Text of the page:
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Louis Gardner
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1/48 Hobby Boss F4F-3 Grumman early Wildcat

October 31, 2016 · in Aviation · · 29 Comments

For your enjoyment on "All Hallows Eve", here is my interpretation of an early from "The Iron Works ". So if you're done passing out candy and have some time for yourself please check it out. As always comments are welcome.

I'm a big fan of the Yellow Wings Navy. These planes just look great. Any of them during this colorful era do.

The real plane from the USS Ranger (VF-4) that was my inspiration for this build is in the second picture. This picture is from the book "US Navy Aircraft Camouflage and Markings 1940-1945". The real version of this model was bureau number 1863, and was part of the Worlds Fair in New York in 1940. In the black and white picture I posted from the book you'll notice that the plane has a spinner. There are no Neutrality Patrol US insignia on the forward fuselage.

I took the liberty to add these markings and didn't bother with the spinner, as the plane may have looked later on in its career. Sadly like most of its stable mates, this one didn't survive too long. It was lost at sea on August 3rd, 1942, while serving with VMF-111.

The Navy used an aluminum colored paint to protect their aircraft metal surfaces (although sometimes a gray was used), so I didn't have to worry about the "natural metal" look.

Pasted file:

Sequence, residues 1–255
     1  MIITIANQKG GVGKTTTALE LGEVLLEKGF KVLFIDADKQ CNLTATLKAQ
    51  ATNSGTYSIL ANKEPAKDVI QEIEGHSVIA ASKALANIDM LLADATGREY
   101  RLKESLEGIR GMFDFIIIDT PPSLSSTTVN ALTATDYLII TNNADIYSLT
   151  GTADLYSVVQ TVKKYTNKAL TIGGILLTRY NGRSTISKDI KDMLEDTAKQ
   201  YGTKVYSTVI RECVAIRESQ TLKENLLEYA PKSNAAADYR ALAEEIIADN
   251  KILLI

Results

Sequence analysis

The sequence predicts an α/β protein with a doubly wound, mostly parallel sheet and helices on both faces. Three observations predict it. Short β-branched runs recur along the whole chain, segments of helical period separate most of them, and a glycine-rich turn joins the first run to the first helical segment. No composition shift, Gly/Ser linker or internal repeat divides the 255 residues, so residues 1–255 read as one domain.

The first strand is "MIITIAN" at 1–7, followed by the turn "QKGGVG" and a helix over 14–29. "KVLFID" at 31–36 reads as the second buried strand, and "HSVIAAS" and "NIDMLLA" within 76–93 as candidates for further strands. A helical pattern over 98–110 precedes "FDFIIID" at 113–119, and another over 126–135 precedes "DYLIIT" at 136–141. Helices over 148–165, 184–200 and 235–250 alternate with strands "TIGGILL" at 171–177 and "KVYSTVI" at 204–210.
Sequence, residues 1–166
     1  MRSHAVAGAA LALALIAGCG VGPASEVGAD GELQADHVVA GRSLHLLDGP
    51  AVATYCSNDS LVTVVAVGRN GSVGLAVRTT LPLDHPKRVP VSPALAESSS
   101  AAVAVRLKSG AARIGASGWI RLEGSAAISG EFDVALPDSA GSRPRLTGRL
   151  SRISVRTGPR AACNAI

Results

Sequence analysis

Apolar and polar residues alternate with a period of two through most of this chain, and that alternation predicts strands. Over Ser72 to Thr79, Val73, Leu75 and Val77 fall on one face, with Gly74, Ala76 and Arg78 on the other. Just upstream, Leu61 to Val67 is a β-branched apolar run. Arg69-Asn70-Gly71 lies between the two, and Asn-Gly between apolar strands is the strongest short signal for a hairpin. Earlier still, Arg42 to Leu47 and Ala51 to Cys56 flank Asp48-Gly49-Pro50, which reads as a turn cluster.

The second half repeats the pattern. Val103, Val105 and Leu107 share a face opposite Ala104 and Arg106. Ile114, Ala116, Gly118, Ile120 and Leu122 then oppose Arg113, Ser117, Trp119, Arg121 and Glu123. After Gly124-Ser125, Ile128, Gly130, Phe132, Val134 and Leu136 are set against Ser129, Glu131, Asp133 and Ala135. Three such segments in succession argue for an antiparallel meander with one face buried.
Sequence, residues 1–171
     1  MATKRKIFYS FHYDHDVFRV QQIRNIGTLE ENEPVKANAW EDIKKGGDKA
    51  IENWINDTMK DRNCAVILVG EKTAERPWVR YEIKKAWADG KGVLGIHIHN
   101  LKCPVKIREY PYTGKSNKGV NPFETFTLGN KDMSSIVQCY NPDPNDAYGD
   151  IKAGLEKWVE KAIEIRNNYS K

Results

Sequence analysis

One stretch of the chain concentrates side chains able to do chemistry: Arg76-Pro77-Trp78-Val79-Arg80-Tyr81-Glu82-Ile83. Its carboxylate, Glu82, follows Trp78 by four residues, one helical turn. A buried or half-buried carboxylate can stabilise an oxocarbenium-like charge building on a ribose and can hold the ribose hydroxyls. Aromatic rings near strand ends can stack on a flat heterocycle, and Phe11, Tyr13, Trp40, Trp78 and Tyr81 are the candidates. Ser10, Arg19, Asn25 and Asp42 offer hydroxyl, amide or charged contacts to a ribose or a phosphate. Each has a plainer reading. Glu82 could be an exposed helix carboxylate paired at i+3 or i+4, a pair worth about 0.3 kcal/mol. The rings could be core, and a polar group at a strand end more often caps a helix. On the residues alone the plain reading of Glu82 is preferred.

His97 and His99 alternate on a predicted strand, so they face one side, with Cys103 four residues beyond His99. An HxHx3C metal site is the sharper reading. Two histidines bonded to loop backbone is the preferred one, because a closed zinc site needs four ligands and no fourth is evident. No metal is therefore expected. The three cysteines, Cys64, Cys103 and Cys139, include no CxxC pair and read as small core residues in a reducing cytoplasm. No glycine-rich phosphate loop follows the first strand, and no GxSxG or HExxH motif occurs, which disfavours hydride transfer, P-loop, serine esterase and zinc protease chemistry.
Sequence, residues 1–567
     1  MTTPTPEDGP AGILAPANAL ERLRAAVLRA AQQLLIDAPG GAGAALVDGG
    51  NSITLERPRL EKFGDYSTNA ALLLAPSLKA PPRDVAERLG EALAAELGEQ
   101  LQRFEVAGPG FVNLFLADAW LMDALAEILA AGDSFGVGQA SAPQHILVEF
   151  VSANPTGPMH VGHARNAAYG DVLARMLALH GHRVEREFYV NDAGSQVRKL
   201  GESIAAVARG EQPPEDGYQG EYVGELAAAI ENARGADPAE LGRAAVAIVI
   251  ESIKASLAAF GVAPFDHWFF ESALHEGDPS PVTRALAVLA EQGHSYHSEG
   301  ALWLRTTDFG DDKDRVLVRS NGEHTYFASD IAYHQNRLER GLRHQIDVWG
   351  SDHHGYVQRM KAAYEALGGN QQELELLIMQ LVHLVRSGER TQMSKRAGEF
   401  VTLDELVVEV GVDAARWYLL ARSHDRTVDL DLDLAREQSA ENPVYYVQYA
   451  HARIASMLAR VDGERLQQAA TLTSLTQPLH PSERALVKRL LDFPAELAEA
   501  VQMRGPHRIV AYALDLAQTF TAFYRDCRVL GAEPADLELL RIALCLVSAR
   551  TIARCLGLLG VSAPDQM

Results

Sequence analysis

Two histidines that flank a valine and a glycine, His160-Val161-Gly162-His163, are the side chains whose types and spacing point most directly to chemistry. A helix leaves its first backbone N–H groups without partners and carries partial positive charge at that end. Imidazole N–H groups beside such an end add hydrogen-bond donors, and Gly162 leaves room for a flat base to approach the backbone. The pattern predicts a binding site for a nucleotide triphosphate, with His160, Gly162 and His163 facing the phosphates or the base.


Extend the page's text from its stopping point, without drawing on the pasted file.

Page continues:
This is a really sweet build and I was happy with how it turned out. The hardest part about the build was that I made a mistake and attempted to spray the Model Master "Metalizer" aluminum first, then masked it off to paint the other colors. When I removed the tape it left marks where the tape was adhered to the plane.

So I ended up stripping the Metalizer Aluminum Plate color off, and then painted on all of the other colors first. I painted all of the red stripes and red cowling trim. I used Model Master paints and "Aluminum Plate" Metalizer for the build. Once everything was dry, I used Model Master Metalizer clear gloss sealer over the entire plane. Once it dried the clear provided a nice surface for the decals to adhere to.

Then I gave it another coat of clear to seal the decals. The propeller was painted anti glare black on the rear, then red, yellow and blue tip stripes were sprayed on. Once this dried I used bare metal foil for the rest of the prop and added the manufacturer logos.

The plane looks more glossy in person than it does in these photos. I also used bare metal foil on the canopy frames.